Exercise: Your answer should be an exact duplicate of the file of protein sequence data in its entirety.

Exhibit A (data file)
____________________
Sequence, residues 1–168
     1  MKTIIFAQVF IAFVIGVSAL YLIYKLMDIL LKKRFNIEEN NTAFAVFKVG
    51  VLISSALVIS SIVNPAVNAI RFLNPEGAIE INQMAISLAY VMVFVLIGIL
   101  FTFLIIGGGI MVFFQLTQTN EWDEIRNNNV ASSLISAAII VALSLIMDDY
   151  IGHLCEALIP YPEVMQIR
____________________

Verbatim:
Sequence, residues 1–168
     1  MKTIIFAQVF IAFVIGVSAL YLIYKLMDIL LKKRFNIEEN NTAFAVFKVG
    51  VLISSALVIS SIVNPAVNAI RFLNPEGAIE INQMAISLAY VMVFVLIGIL
   101  FTFLIIGGGI MVFFQLTQTN EWDEIRNNNV ASSLISAAII VALSLIMDDY
   151  IGHLCEALIP YPEVMQIR